Happysad. One word. A weird conglomeration of liberating joy and nostalgic gloom. The feeling that inspires you to travel the world but also isolates you to the cold depths of your heart. That’s the only way I know how to describe Delta, Mumford & Sons’ newest release.
After a three year hiatus, Mumford & Sons returned with Delta on Nov. 16, 2018. It’s no secret that this album is quite different than their previous ones. The folk aspect of Mumford & Sons is now embedded in heavy drums and electronic beats as though it’s begging to get on the Top 40 charts.
While many critics said that the album was their worst one yet, I truly think it may be one of their most progressive. After switching producers, the band incorporated more indie sounds into the album to give it a modern vibe.
I love how Pitchfork’s Larry Fitzmaurice described it: “Delta is also the strongest collection of songs Mumford & Sons have released to date; the cool-handed atmospherics and dreamy melodies here simply suit them better than any other sonic guise they’ve worn.”
The album begins with “42”–a tribute to their 42nd single–and continues with a journey through the mind of Marcus Mumford. The climax of the album is revealed in the transition from “Picture You” to “Darkness Visible.” With an extremely smooth ride from bittersweet love to a contorted poetic reading from Milton’s Paradise Lost, the instruments crescendo until your heart feels as though it’s going to burst.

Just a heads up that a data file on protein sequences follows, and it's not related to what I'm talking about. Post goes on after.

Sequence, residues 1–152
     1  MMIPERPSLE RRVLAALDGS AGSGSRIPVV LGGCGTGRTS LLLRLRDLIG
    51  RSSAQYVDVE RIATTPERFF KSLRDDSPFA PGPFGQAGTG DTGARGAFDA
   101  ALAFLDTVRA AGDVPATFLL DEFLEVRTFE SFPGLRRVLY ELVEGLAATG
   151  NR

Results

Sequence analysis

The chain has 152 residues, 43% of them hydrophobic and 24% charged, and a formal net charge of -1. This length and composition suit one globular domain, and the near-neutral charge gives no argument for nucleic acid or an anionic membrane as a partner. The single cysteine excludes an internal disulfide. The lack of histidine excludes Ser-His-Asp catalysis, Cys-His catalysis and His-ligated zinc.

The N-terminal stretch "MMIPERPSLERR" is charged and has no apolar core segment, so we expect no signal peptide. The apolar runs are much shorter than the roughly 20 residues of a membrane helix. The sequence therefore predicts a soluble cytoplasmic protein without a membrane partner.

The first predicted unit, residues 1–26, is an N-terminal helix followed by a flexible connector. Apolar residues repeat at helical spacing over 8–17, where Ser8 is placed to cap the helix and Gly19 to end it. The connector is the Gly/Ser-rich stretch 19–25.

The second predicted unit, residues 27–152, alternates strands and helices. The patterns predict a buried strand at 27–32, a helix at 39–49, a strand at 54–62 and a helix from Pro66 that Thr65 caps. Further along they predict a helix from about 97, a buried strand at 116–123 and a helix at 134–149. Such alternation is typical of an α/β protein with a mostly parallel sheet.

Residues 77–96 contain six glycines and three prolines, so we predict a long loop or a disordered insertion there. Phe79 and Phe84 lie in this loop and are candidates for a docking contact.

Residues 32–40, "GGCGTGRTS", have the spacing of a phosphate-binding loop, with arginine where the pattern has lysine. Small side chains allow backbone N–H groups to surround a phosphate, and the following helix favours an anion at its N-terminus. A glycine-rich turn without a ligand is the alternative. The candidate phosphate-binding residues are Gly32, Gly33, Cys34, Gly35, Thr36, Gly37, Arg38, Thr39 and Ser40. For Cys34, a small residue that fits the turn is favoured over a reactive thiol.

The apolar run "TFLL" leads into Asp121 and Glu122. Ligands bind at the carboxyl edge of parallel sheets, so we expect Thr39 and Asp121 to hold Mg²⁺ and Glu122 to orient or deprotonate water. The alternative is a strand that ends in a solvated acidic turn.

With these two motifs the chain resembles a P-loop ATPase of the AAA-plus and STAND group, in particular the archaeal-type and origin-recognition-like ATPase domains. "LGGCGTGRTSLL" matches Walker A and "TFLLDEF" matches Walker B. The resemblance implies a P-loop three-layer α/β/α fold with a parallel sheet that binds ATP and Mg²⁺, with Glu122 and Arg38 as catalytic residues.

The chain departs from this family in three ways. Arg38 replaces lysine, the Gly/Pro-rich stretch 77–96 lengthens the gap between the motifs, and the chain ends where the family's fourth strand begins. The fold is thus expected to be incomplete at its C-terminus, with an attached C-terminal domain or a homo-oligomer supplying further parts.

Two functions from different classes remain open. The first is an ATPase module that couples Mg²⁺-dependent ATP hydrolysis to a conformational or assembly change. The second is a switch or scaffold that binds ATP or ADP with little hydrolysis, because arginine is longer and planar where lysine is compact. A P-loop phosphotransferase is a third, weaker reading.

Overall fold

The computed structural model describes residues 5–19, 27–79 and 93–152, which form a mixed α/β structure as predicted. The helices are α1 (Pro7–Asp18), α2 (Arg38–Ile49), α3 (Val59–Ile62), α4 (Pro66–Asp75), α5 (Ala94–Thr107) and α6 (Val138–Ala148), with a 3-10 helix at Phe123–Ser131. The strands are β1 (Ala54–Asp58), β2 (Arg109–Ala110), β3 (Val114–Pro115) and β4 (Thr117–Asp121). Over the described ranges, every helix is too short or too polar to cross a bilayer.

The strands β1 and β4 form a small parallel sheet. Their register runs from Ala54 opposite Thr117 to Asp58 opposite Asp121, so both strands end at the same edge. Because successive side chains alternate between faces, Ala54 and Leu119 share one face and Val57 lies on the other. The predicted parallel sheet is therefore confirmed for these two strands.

While there are some amazing songs on this album, there are definitely a few weak points. Parts of the album lull, putting you off to the next song. I found myself skipping quite a few songs after listening to it a few times.
Favorite song: 42 or Forever
Least favorite song: Slip Away
Overall I give this album a 9/10. This is a super high rating, I know, but something about this album really spoke to me. Ultimately, I don’t think this album is a sell-out. Sure, the band has continued to blend into the mainstream. But it’s clear that Marcus Mumford is using this album to reflect on some very deep and troubling issues in his life, simultaneously causing me to do the same. (Thanks for the existential crisis, y’all.)